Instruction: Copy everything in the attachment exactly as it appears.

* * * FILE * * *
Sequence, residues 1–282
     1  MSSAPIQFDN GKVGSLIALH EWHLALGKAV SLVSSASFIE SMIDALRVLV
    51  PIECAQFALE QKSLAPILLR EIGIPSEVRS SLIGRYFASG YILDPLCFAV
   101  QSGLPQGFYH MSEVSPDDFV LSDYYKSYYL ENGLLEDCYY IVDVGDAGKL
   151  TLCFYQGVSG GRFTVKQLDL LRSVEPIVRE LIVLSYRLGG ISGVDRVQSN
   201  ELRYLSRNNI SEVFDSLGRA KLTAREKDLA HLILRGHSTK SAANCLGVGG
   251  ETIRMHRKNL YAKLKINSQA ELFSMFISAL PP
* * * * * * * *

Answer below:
Sequence, residues 1–282
     1  MSSAPIQFDN GKVGSLIALH EWHLALGKAV SLVSSASFIE SMIDALRVLV
    51  PIECAQFALE QKSLAPILLR EIGIPSEVRS SLIGRYFASG YILDPLCFAV
   101  QSGLPQGFYH MSEVSPDDFV LSDYYKSYYL ENGLLEDCYY IVDVGDAGKL
   151  TLCFYQGVSG GRFTVKQLDL LRSVEPIVRE LIVLSYRLGG ISGVDRVQSN
   201  ELRYLSRNNI SEVFDSLGRA KLTAREKDLA HLILRGHSTK SAANCLGVGG
   251  ETIRMHRKNL YAKLKINSQA ELFSMFISAL PP